The final goal of this study group will be a White Paper with concrete policy recommendations for Puerto Rico’s political, economic, and social future. However, beyond a policy report that can be used for shaping political conversations in Washington, D.C. and Puerto Rico, we would also create a media hub featuring long-form journalistic pieces, artistic projects, interviews, podcasts, and other media products created by group members throughout the project period to shape and inform public debate. 

 

HOW TO APPLY

Applicants should prepare the following (materials can be submitted in English or Spanish): 

  • Statement of Interest (1-2 pages/500-1,000 words max) addressing the following: 

    • Why do you wish to participate in a study group on the theme of decolonization? How have you thought about this topic in the past, what expertise do you hold in this area, or how does it relate to your artistic practice?

    • Why do you wish to be in an interdisciplinary conversation with scholars, journalists, and artists about this topic? How do you think your work will be strengthened through such dialogue? What collaborations do you imagine?

    • Participants will be expected to devote about 10 hours per week for one year to group meetings and their individual projects. Please explain how you will balance this with your other obligations. Will you have course releases, a sabbatical, or some other form of time off?

  • Project Description (1-2 pages /500-1,000 words max): 

    • In addition to participating in collective study, discussion, and writing practices, participants are expected to carry out their own individual projects. Please describe the project you would develop during the study group period, stating its methodology, goals, and significance (project possibilities include but are not limited to: books, novels, graphic novels, journal articles, long-form journalism, documentaries, podcasts, art exhibits, theater plays, cinematic projects, or any other creative proposal that requires an extensive period of research and writing or production).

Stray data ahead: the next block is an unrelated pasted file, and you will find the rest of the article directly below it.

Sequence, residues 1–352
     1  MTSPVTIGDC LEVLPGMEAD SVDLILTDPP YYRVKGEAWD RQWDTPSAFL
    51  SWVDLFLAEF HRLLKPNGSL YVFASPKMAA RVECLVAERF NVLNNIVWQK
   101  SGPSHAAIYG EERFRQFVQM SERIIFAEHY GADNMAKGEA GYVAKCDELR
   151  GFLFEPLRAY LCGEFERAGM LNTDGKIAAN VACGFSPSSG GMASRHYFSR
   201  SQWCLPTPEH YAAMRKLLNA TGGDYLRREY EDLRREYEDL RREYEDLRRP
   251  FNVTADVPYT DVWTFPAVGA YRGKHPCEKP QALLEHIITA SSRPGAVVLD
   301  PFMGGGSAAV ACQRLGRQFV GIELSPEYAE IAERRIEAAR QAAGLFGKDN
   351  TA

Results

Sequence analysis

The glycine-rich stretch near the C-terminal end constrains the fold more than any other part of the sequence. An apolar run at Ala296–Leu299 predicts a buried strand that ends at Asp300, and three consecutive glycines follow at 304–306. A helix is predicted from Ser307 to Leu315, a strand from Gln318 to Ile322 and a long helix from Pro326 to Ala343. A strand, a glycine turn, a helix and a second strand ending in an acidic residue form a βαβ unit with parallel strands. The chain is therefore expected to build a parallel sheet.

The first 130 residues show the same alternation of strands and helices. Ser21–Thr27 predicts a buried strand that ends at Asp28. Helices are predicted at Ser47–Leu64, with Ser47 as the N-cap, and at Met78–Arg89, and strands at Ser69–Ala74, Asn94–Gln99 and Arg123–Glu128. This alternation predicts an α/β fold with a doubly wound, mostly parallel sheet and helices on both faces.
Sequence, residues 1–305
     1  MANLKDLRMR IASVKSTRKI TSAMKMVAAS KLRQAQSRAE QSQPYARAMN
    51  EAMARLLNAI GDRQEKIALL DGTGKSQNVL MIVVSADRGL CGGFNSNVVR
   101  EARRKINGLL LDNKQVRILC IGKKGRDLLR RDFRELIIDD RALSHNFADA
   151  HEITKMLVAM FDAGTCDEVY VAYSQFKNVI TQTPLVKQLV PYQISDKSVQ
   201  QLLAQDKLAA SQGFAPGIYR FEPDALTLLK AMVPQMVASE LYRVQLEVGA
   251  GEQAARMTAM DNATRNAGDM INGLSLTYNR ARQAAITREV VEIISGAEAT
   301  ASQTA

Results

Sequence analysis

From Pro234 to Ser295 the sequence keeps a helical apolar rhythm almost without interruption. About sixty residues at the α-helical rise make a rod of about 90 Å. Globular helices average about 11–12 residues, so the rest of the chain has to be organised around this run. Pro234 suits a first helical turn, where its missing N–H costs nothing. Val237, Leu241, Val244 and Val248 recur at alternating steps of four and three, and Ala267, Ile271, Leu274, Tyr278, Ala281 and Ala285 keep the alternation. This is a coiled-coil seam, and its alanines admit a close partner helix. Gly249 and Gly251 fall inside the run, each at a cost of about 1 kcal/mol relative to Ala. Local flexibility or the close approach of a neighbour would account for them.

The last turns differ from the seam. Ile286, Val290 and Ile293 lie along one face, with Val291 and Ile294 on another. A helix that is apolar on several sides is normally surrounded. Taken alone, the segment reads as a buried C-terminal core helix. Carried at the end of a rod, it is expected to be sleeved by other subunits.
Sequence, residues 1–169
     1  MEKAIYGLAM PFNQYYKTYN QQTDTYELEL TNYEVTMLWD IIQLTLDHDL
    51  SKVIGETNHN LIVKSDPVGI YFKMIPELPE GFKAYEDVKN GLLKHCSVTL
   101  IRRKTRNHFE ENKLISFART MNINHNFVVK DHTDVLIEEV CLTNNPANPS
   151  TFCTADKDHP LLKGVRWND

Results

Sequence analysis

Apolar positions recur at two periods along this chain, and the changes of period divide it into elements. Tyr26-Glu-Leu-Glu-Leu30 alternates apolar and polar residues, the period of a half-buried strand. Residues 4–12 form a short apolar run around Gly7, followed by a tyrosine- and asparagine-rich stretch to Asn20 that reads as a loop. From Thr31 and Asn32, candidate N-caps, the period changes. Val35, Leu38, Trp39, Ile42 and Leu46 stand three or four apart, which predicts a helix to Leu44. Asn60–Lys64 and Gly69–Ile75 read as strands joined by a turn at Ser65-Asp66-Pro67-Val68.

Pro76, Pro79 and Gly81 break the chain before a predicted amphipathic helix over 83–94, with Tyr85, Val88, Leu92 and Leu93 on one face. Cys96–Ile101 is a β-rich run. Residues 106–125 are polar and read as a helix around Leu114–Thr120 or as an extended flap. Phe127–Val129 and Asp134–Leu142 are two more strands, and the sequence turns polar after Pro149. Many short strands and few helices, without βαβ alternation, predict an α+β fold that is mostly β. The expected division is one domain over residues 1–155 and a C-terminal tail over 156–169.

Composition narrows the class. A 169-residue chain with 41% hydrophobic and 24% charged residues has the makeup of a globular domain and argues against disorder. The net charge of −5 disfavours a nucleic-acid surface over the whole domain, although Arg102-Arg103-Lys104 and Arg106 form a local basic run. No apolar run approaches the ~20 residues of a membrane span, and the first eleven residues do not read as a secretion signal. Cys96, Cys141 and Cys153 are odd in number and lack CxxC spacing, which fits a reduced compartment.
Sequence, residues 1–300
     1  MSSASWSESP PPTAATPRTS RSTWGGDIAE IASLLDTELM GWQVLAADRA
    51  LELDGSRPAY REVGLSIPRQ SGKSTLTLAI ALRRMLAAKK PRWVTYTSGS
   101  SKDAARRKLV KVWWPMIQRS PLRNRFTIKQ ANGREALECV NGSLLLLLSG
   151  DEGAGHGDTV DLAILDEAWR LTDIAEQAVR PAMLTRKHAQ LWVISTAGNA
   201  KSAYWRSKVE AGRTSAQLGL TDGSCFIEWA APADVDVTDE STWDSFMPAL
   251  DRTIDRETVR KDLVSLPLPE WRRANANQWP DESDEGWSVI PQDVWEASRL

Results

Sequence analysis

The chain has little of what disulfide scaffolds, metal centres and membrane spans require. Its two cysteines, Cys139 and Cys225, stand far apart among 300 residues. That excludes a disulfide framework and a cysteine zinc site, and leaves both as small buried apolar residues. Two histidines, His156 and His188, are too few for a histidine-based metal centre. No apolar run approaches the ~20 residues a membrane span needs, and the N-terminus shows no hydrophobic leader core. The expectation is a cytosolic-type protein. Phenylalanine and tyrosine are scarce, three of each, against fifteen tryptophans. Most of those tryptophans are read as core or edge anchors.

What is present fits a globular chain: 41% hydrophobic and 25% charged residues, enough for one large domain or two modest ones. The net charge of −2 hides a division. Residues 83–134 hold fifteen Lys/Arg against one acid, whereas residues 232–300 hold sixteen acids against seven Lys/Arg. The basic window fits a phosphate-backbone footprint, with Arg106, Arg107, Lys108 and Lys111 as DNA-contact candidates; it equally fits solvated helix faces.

• Please explain at what stage the project is at and what work will be completed during the fellowship year. 

  • Participants will also be asked to provide the following within the application portal:

    • Scholars: Current CV and a writing sample. Those with a university appointment should also provide a letter of support from your institution ensuring that you would be allowed to accept the fellowship. 

    • Journalists: A resume and a selection of three (3) published pieces. Staff journalists should also provide a letter of support from their organization ensuring that they would be allowed to accept the fellowship.

    • Artists and cultural workers: CV, artist statement, and portfolio. Those with a staff position at a cultural institution should include a letter of support ensuring they are able to accept the fellowship.

For questions about this program please write to: mellonpr@hunter.cuny.edu

 

Additional Information